The Mission to Seafarers calls those working at sea to complete the anonymous Seafarer Happiness Index survey, in order to have their say about life on board. The survey will help the industry better understand what needs to be changed. The survey will share the results with the industry, so they know what they are doing well and what needs to be improved.
On the occasion of the Day of the Seafarer celebrated each year on 25th June, the IMO is calling on everyone in the maritime world and beyond to get onboard with this year’s theme of gender equality and declare their support.
The Mission to Seafarers announced a strategic partnership agreement with the Shipowners P&I Club, which became the 2019 Gold Sponsor for the Mission’s ongoing Seafarers Happiness Index. In its Seafarers Happiness Index figures for the first quarter of 2019, the Mission revealed high levels of pride among crews, but also ongoing issues.
Nautilus International, the union for maritime professionals at sea and ashore, announced that it is joining the European Transport Workers affiliates from across Europe to highlight the worsening wages and conditions that more than 10 million transport workers face nowadays.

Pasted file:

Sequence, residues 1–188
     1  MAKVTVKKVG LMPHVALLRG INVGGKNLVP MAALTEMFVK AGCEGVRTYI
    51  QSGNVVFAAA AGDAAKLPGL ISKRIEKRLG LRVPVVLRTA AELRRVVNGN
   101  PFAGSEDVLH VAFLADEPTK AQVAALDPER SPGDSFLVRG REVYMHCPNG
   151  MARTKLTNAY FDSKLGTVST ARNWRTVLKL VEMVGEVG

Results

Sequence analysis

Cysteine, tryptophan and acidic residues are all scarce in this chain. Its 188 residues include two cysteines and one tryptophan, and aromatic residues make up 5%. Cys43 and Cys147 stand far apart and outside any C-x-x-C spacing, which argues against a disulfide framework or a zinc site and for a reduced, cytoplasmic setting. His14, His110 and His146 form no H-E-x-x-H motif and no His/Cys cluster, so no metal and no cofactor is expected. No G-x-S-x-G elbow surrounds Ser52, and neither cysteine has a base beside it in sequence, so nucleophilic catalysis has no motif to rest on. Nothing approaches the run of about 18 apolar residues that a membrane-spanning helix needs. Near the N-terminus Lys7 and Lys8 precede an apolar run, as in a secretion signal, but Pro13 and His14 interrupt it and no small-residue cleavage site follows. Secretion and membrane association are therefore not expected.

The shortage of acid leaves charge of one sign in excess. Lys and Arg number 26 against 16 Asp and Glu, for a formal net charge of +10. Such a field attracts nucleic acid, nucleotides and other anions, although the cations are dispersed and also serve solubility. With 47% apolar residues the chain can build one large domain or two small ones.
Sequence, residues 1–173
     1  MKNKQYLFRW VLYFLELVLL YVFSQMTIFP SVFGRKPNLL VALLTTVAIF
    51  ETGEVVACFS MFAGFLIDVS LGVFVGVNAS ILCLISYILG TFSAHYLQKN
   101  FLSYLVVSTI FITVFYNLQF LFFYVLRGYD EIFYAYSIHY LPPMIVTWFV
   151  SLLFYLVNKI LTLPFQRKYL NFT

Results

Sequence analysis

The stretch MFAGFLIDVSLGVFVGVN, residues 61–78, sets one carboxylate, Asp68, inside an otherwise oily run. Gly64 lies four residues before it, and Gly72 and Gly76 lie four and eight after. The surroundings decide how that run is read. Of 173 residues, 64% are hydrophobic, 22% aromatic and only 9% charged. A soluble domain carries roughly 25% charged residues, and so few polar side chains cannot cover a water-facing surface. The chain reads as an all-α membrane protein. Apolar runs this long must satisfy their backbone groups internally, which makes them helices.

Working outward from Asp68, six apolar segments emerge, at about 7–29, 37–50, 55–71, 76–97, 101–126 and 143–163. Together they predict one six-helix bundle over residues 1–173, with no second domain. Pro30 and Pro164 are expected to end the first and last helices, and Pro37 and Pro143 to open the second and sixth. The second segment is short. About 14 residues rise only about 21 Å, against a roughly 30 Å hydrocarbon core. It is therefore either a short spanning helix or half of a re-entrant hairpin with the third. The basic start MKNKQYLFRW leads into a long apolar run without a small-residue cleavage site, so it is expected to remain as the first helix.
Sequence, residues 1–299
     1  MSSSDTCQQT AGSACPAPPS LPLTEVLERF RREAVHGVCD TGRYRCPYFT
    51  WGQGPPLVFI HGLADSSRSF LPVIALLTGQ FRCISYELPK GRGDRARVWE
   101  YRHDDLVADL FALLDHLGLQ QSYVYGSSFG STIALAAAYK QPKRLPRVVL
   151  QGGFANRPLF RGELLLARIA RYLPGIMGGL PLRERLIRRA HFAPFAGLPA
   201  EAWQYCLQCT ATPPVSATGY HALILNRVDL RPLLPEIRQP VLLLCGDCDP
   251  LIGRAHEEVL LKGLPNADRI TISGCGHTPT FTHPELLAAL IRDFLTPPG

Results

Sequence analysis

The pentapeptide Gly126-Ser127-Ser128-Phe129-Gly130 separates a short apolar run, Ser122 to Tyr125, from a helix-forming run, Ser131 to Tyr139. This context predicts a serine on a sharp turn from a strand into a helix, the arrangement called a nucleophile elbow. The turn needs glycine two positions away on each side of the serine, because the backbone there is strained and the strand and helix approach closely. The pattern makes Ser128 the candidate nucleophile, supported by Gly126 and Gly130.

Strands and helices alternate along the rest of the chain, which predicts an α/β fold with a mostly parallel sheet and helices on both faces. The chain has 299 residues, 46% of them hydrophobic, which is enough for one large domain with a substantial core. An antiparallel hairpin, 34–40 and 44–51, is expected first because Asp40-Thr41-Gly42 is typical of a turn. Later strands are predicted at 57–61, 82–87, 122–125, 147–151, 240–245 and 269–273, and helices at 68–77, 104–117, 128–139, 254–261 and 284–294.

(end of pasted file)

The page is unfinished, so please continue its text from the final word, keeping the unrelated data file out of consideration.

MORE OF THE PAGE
Human rights at sea gains significant attention of the maritime community. Due to its diversified identity, shipping constitutes a friendly field for human rights abuses, with human trafficking, illegal migration, slavery and abuse in fishing sector and even the unsafe working conditions in many Southeast Asian ship recycling facilities being among the key areas of concern.
In her presentation at SAFETY4SEA Cyprus Conference, Mrs. Christiana Moustaki, Senior Crew Manager, Fleet Management, insisted on putting people first, at the dawn of the smart shipping revolution. She said that today, the global supply of officers is forecasted to increase steadily, but this is predicted to be outplaced by increasing demand.
UK Maritime Ministry informed that it will provide a £15 million funding boost, which will see more than 400 extra cadets will be trained in maritime roles every year. This program will double the support for young people to £30 million a year, and it will be offered through Support for Maritime Training, enabling the annual intake of cadets to rise from 750 to 1,200.
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